Acquired Winter 2004: To burn in winter 2004. $160 for (almost) 1 cord, "well seasoned", mixed hardwood. Based on the mold I saw, it was cut that spring, and never stacked. It was marginally dry, but burned well enough. It could have been worse. The guy told me it was the first cord of wood he'd ever sold. He was just getting into the business. I called him back for another cord, but he'd already quit, too much work, I guess. I think mine was his first and only transaction. This guy brought one friend along to help him unload. He used a wheelbarrow and took the wood to my back patio where I stacked it. It had been raining and the lawn was soggy. I had to put plywood and 2 x 8's for the wheelbarrow track, which worked pretty good, but was a hassle. Only one of them brought a pair of gloves. After a few splinters, the other agreed to barrow a pair I'd offered earlier. He lived on some land, used a tractor splitter to feed his own big fireplace, and thought he'd sideline by selling wood. He decided to open a drive-through coffee shop, instead. Nice guy, cheap wood.
Acquired Summer 2005: To burn in winter 2005 and 2006. $425 for 2 cords mixed hardwood. 1.75 cords actually delivered, including the 0.75 cord make-up delivery, which was also 1/3 short). This firewood dealer counted splits to determine a cord and he said there were 400 splits in a cord. He was wrong, very wrong. This was a huge, well established, well respected, full service, tree company with certified arborists, cranes for big, dangerous tree removals (I watched them cut down a dying, 100 year old, enormous white oak tree, only 30 feet from a neighbor's house), a fleet of trucks, cherry pickers, trailers, bobcats, etc. They even sponsored a local gardening radio show on the weekends. I spoke directly to the owner once, who explained some of his business to me. I was impressed until my so-called two cords of wood was delivered. At that point, I was shocked. Neither he nor the deliveryman, who said he'd been selling firewood with his own family for years, before recently taking over the firewood part of this big business, neither of them knew the legal definition of a cord of wood.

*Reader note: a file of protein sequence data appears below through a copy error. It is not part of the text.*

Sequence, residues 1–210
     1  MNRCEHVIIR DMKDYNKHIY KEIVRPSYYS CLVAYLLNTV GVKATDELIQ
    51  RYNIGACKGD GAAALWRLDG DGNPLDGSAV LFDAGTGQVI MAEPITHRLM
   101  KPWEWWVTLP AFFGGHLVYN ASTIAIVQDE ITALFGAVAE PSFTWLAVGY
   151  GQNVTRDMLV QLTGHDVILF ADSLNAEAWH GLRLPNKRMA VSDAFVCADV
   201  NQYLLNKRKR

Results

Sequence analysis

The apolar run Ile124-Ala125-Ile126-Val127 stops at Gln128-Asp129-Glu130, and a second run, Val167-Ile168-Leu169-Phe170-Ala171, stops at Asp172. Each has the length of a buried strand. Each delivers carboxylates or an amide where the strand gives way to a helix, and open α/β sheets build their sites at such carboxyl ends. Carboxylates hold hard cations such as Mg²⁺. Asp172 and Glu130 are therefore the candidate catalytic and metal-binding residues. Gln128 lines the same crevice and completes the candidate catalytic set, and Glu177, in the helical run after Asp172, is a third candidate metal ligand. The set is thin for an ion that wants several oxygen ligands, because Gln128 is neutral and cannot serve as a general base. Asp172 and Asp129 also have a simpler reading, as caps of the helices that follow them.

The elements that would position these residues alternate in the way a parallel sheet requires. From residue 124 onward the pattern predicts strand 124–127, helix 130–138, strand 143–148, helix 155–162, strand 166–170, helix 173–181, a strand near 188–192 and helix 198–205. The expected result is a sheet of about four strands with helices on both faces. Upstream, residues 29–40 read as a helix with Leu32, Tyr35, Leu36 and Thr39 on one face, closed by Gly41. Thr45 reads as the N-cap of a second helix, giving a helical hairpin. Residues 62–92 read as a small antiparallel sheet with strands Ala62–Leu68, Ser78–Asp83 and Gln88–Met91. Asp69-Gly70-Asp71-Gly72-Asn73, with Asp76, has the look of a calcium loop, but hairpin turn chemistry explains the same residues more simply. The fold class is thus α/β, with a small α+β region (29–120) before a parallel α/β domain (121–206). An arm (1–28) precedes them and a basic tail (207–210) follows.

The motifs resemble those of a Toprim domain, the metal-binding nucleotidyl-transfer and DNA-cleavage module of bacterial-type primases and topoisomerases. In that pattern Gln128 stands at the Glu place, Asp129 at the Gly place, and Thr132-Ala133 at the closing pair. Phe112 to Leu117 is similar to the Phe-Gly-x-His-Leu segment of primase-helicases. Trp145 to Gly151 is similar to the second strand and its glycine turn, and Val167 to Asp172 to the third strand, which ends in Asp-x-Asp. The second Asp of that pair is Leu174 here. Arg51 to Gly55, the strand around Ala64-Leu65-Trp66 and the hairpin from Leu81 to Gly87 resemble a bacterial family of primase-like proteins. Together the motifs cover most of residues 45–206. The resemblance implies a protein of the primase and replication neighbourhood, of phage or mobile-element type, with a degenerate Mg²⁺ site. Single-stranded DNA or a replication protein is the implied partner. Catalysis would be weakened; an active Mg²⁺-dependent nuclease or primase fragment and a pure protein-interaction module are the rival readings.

Acquired Spring 2006: For winter 2007: I harvested and split about 1/2 cord Red Oak and Siberian Elm from my 0.66-acre backyard. I noticed a neighbor with a sign in their yard reading "Free Firewood, Red Oak". I stopped and got permission to carry it off. I returned on foot with my cheap, POS Chinese garden cart. Loaded it and proceeded to push and pull it the 1/2 mile home with the help of the lovely Mrs. Mo Heat. Up hills, down hills. We were both beat. Wore out. This wasn't going to happen. We explained to the neighbor that we'd bit off more than we could chew, and they offered to hook up their Harley trailer to their SUV, and move the wood for us, which they did. Two Harley trailer loads later, we had a new friend and about 1/2 cord of Red Oak. I also ran to the sound of chainsaws in the neighborhood two other times and was rewarded with an additional 3 cords of White and Red Oak, already bucked into firewood lengths. It was dumped in my yard, next to my driveway in one instance, and just dumped into the street in front of my house in the second instance. I put out some orange safety cones in the street and hoped no one would run into it while talking on their cell phone or slapping their kids in the back seat. It took a few hours, but I eventually got it all around back, bowling it down my hillside and knocking the bark off a couple trees, but that seemed a small price to pay for free wood, delivered. The Chinese garden cart died once again that day so I went to Sears and bought a slightly more stout dump cart to pull behind the riding mower. Nice.
Sweet Mrs. Mo Heat; Bicycling; Brain probe of alien in remote bedroom.